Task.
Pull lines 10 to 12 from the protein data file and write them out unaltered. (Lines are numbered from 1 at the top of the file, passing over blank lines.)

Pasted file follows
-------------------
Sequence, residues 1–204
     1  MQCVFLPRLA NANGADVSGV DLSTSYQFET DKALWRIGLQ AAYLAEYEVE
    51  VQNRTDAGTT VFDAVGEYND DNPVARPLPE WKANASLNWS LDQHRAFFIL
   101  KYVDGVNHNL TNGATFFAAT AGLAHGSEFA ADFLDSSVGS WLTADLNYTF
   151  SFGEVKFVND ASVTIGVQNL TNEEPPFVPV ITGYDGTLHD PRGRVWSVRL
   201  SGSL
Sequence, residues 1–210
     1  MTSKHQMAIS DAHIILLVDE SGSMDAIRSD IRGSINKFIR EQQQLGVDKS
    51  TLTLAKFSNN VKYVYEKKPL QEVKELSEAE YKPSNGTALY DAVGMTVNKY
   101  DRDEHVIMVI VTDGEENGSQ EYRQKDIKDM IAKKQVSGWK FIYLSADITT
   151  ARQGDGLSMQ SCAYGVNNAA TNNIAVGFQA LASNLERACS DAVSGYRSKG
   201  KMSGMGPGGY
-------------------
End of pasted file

   101  DRDEHVIMVI VTDGEENGSQ EYRQKDIKDM IAKKQVSGWK FIYLSADITT
   151  ARQGDGLSMQ SCAYGVNNAA TNNIAVGFQA LASNLERACS DAVSGYRSKG
   201  KMSGMGPGGY